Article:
Only six months ago, business travel was looking buoyant. The GBTA forecast annual growth in 2018 at 7.1% at its August convention. It is important, however, to note that that figure was consolidated across all regions and is a value, ie spend, figure rather than a volume, ie quantity, spend.
More recent research from the Business Travel Show is gloomier. This annual survey of European travel buyers has found that only 33% of respondents say they will have bigger travel budgets in 2019 in comparison with 2018 compared with the 40% which said so when asked about 2018 in contrast to 2017. At the same time, 33% of respondents said they would have more trips to manage in comparison against 40% who said they would have more a year earlier.
Only one-third of respondents saying more to both spend and volume means two-thirds believe there will either be no change or even lower spend and/or volume.
Fewer trips among European organisations could have to do with all sorts of positive reasons such as employee welfare or using travel alternatives for internal meetings.
It could also, as in 2009, have to do with company caution and a slowdown in growth.
UK GDP figures released this week would support the latter.
A fortnight ago we reported a research report which found that UK company heads believed the number of business trips would fall. Last week we highlighted a UK purchasing managers survey which found that British companies were stockpiling in advance of Brexit.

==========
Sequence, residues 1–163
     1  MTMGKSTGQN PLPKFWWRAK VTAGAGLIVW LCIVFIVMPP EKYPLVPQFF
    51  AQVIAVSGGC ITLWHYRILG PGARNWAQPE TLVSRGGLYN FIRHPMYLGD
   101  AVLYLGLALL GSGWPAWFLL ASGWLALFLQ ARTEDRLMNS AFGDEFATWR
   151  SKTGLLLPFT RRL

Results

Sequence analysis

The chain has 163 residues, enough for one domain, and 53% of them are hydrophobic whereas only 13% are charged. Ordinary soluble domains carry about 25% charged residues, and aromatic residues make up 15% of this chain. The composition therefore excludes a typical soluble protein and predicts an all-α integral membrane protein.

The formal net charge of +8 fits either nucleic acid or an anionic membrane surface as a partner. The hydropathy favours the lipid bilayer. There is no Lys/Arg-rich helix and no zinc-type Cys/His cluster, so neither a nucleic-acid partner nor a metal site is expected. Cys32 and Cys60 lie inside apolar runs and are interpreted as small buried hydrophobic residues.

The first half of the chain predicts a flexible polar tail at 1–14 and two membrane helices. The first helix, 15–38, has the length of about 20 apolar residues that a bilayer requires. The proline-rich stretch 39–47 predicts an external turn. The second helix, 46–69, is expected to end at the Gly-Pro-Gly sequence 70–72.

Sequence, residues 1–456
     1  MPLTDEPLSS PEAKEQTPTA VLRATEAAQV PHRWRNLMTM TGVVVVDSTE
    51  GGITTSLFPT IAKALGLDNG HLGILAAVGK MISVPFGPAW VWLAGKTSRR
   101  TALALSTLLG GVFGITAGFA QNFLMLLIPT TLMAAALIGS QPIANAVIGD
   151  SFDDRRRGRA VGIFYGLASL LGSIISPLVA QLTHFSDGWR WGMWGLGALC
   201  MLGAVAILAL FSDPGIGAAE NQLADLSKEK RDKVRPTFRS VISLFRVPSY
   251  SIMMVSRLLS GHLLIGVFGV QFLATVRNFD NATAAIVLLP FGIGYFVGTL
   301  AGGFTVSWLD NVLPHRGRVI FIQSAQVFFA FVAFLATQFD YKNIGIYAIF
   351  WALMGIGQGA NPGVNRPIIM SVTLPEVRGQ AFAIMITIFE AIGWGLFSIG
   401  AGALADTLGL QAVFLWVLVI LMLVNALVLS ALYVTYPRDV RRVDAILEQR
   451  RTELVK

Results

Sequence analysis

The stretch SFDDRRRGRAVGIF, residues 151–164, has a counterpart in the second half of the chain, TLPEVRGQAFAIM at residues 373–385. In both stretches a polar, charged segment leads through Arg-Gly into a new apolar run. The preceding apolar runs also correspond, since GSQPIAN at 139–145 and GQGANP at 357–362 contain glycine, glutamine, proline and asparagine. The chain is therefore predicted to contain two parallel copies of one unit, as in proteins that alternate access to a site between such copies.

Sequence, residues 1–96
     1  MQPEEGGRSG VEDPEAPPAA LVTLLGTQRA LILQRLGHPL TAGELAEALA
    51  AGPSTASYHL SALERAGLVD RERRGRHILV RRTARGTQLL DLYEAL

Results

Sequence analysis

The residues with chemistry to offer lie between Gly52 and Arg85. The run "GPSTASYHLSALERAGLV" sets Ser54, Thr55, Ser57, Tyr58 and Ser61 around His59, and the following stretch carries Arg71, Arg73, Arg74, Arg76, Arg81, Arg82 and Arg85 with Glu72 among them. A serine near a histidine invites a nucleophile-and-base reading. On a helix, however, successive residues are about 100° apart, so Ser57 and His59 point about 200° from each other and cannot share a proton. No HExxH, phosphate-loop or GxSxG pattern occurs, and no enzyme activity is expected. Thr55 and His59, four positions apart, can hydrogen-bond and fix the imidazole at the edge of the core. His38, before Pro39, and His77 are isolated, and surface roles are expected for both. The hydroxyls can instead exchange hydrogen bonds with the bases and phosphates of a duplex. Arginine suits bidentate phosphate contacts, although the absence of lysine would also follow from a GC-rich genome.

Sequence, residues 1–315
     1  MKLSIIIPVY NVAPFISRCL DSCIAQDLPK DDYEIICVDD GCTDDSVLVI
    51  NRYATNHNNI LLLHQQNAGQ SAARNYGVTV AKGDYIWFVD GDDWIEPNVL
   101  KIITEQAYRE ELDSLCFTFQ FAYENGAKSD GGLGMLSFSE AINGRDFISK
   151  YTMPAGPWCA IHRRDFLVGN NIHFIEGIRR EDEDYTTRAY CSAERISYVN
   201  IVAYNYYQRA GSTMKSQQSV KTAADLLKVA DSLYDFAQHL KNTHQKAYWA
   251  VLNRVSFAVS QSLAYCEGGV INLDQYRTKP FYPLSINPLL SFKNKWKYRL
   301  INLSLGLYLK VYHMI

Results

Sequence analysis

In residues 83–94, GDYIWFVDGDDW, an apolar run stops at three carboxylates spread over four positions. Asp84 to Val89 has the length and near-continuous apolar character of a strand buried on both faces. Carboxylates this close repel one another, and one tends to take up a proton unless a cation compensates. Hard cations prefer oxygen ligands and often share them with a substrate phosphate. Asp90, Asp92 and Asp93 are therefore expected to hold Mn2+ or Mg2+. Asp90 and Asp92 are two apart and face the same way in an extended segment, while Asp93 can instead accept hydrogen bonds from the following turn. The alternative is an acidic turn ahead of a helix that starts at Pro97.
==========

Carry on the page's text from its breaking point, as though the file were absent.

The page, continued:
Stockpiling in fact has been given as one of the possible reasons why last week's UK's ONS (Office for National Statistics) quarterly report found that UK GDP had slowed to 0.2% in the last quarter or 1.4% on an annual basis, the lowest rate since 2012.
Research from PwC's most recent Global Economy Watch (see below) shows rates of change in GDP, growth, everywhere except for India (7.6%), China (6.3%) and Indonesia (5.2%) are forecast to be under 4%. The figure for the Eurozone is 1.8%.
Everything is pointing towards less business travel in the year ahead.
Those who negotiate room rates or air fares on a volume basis should take heed and check their supplier contracts T&Cs. If volumes are not met, are there financial consequences? Are there consequences if the TMC is not given the forecast number of transactions? Do your internal forecasts take account of what some describe as scaremongering, others genuine economic slowdown?
Contingency planning is not just for other people.